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Scientist revive worm frozen for 46,000 years in Siberian Permafrost

Scientist revive worm

According to the new research published in PLOS Genetics journal, scientists have revived a worm that was seen frozen in the Siberian permafrost for over 46,000 years. Sounds astounding right?

The roundworm survived 131.2 feet below the surface in the Siberian permafrost and that also in a dormant state also known as cryptobiosis. Mr Kurzchalia, professor emeritus at Max Institute of Molecular cell biology and Genetics explain how organisms are in a cryptobiotic state and can endure the complete absence of oxygen, and water and even can withstand high temperatures as well as freeze or extremely salty conditions. 

Their metabolic rates usually decrease to an undetectable level when they are in a state between death and life. According to scientists, one can halt life and even start it from the beginning and the organisms which have previously revived from this state had survived for decades! Interesting right?

Two roundworm species were found in the Siberian permafrost 5 years ago by scientists from an institute of physiochemical and biological problems. One of the researchers revived the 2 worms by rehydrating them before taking around 100 worms to labs in Germany. After thawing worms, the scientist used radiocarbon analysis of the plant material which showed that the deposits had not been thawed for 47,769 years ago. Despite this, they couldn’t know whether the worm was a known species or not. Eventually one came to know that these worms belonged to a Nobel species named Panagrolaimus kolymaenis.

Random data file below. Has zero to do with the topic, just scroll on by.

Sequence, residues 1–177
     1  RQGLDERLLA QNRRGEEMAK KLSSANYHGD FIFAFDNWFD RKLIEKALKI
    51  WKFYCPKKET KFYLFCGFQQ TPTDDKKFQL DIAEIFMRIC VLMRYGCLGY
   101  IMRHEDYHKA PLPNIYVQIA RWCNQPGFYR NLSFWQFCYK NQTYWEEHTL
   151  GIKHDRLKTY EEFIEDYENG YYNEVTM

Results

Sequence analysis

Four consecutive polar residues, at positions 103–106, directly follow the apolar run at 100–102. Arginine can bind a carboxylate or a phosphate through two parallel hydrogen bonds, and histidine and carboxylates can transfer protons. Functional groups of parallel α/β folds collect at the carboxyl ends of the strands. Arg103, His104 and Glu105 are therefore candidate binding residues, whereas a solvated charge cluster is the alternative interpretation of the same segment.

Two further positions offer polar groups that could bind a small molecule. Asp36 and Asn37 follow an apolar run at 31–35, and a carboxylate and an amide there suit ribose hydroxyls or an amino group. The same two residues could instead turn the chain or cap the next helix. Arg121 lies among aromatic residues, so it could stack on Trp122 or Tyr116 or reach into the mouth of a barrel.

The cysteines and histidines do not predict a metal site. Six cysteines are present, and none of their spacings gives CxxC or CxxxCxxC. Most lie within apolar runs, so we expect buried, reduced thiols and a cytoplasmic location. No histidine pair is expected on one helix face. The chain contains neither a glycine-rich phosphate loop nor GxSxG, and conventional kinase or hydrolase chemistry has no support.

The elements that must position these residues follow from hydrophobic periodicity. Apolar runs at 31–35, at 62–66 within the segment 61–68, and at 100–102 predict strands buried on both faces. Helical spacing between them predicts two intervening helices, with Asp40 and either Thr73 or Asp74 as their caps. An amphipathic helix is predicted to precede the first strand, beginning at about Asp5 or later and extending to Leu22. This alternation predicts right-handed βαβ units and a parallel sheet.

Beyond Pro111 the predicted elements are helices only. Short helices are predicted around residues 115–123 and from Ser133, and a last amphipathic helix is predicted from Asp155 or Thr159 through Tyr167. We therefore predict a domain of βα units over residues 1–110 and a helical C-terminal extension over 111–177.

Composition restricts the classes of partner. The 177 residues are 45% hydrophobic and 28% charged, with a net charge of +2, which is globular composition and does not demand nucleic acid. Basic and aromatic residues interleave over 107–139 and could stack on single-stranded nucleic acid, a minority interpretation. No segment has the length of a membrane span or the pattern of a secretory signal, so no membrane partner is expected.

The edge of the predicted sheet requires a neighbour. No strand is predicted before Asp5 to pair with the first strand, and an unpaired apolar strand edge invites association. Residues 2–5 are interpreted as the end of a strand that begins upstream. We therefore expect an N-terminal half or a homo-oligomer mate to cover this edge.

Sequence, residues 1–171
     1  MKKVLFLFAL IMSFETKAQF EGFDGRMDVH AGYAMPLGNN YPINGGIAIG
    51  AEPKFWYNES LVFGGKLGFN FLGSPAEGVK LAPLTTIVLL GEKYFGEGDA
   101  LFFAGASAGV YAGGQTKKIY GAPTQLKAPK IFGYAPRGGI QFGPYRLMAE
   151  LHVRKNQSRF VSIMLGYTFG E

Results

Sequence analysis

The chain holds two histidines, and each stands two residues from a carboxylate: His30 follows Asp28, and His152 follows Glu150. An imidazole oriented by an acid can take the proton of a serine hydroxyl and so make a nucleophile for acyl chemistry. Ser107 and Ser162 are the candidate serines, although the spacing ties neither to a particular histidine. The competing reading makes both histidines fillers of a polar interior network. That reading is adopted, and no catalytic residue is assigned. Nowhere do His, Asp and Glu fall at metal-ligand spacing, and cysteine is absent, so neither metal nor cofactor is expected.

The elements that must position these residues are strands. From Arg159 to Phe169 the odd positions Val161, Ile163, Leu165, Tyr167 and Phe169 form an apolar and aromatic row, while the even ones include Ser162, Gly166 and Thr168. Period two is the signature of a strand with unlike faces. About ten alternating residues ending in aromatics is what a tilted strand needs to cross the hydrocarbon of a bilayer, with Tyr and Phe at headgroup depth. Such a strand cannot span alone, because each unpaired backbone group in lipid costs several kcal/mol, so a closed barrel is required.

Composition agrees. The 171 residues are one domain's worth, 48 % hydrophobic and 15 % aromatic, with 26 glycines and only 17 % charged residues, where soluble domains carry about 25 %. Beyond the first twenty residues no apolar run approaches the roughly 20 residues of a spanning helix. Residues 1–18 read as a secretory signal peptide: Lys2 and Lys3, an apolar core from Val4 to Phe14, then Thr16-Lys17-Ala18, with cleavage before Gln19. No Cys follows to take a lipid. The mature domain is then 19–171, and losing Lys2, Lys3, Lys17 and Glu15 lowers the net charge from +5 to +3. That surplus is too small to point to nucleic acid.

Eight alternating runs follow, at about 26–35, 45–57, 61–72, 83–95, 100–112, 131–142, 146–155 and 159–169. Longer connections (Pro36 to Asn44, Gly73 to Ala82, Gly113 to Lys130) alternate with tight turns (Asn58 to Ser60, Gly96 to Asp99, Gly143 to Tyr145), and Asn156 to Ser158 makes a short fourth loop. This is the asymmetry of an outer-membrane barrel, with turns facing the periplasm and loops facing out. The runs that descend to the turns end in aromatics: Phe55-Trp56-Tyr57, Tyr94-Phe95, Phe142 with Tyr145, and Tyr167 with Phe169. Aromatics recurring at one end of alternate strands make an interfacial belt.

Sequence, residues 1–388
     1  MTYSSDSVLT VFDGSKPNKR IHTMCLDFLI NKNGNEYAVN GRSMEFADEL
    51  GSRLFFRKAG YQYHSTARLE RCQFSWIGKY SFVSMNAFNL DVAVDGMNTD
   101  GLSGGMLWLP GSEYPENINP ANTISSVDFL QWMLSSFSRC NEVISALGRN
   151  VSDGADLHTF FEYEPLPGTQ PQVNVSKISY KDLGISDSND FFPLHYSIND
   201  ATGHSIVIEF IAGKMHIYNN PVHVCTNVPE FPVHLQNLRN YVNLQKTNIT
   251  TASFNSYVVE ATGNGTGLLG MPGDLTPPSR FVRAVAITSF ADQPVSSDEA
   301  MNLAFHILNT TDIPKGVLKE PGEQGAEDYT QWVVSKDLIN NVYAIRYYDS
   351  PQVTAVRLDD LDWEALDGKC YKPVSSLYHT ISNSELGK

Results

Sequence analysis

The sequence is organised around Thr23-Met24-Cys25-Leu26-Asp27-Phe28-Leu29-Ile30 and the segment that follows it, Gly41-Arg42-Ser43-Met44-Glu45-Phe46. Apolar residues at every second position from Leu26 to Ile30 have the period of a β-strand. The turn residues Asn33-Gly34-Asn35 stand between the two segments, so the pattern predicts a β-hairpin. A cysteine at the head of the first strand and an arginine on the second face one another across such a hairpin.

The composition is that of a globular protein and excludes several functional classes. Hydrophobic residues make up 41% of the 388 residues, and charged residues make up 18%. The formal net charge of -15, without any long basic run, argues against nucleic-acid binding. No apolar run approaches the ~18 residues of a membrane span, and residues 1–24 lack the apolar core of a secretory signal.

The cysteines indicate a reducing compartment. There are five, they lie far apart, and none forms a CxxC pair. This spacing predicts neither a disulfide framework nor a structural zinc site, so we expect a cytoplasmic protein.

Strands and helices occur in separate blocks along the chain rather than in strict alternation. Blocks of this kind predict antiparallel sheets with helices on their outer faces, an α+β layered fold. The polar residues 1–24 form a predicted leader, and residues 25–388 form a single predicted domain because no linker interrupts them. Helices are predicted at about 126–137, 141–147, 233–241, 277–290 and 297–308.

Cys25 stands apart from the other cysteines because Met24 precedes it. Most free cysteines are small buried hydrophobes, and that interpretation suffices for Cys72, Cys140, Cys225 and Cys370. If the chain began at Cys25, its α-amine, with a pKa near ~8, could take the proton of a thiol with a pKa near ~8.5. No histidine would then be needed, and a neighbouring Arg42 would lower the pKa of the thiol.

Researchers also found that kolymaenis shared with elegans another organism ‘a molecular toolkit’ that could allow it to survive cryptobiosis as both organisms produce trehalose- a sort of sugar which could enable them to endure freezing and even dehydration. 

Here’s the image of what we’ve been talking and researching about:

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